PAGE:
Should Women Keep Silent at Church? Rereading 1 Corinthian 14:34–35

Should Women Keep Silent at Church? Rereading 1 Corinthian 14:34–35 July 24, 2023

Did Paul forbid women from speaking at the Corinthian church? With 1 Corinthians 14:34–35 as our model, yes, they were to keep quiet, but what does this mean? A number of biblical interpreters point out that Paul permits women to prophesy at church in 1 Cor 11:5. Hence, unless our apostle is contradicting himself, 1 Cor 14:34–35 cannot mean an absolute ban on women speaking. It also follows that if they were allowed to prophesy, Paul would hardly prevent them from using other speaking gifts such as teaching.

Saint Anne giving the symbol of silence
“Faras Saint Anne (detail)” via

Paul’s rhetorical wish that “all” would speak in tongues and prophesy becomes rather empty if he is precluding all the women from doing so (1 Cor 14:5). Moreover, “each” person in the congregation would seem to include women who can speak in tongues, interpret, give a revelation, teach, sing, or use another speaking gift (1 Cor 14:26). Such inspired speaking involves spiritual gifts that the Spirit distributes to each believer (12:7–11), and nothing suggests that these gifts are given only to men.

If Paul agreed with the early Christians who associate the Spirit’s outpouring with Joel 2:28–32 (cf. 1 Cor 1:2; Acts 2:1–22), this would seem to confirm that prophetic and spiritual speaking are not just given to “sons” but also “daughters.” The gifts of the Spirit do not discriminate according to gender.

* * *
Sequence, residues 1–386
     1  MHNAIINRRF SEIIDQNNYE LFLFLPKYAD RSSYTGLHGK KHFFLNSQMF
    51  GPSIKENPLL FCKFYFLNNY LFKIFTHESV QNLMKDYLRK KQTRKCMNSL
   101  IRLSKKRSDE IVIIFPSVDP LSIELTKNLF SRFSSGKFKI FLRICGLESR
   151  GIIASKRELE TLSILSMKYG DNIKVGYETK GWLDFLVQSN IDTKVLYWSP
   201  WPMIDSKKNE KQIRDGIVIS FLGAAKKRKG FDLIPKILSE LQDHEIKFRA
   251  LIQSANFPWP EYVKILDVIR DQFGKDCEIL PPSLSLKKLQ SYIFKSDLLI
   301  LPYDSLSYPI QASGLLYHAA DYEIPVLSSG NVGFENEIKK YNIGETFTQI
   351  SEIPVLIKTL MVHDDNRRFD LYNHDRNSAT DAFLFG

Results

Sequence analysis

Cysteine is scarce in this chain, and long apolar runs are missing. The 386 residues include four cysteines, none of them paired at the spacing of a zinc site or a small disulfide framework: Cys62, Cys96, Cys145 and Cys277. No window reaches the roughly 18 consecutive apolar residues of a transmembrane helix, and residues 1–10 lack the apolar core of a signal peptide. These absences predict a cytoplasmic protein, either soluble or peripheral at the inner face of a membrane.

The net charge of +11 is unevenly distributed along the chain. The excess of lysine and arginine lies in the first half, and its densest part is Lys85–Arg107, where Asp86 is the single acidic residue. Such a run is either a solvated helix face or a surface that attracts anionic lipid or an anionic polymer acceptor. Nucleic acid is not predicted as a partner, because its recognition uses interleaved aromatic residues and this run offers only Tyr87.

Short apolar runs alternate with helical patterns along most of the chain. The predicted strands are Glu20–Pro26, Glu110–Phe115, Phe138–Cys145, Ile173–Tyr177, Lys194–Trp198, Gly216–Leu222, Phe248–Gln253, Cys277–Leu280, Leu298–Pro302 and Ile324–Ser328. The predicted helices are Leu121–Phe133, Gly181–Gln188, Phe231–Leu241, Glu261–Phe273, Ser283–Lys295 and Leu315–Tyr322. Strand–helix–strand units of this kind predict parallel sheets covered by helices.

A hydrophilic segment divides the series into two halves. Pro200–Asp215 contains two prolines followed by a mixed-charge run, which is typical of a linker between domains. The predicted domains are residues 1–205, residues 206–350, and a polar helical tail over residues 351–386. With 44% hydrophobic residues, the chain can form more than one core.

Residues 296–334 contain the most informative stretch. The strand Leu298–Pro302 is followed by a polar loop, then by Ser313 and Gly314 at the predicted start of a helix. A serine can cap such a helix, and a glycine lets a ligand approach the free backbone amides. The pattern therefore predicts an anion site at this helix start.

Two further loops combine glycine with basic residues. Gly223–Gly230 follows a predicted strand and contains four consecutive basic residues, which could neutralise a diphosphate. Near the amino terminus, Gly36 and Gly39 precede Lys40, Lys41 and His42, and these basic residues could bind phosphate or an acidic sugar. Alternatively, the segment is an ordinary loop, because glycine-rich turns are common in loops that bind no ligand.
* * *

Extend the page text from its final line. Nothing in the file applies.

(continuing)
What, then, does Paul mean when he says in 1 Cor 14:34,Let the wives in your assemblies be silent, for they are not permitted to be talking but to be in submission, just as the law says also”? (my translation from B. J. Oropeza, 1 Corinthians).

Are the Women Speaking or Chatting? 

I understand women in 1 Cor 14:34 to be mean “wives” (gynaikes/ γυναῖκες). The context clarifies this nuance when Paul affirms that these women have husbands (see 1 Cor 14:35).

When Paul writes that these wives are not permitted to speak, the Greek verb is laleô (λαλέω). It is better understood here as “talking” or even “chatting” instead of “speaking” (compare Eph 4:25; 2 John 12; and further examples in Oropeza, 1 Corinthians, 188). Again, context is determinative. We read in 14:35a that if the wives “wish to learn anything, let them ask their own husbands at home.” This implies that these women were asking questions at church, apparently disrupting the inspired speaker’s message with inquiries.

Sifting the Prophetic Speaker?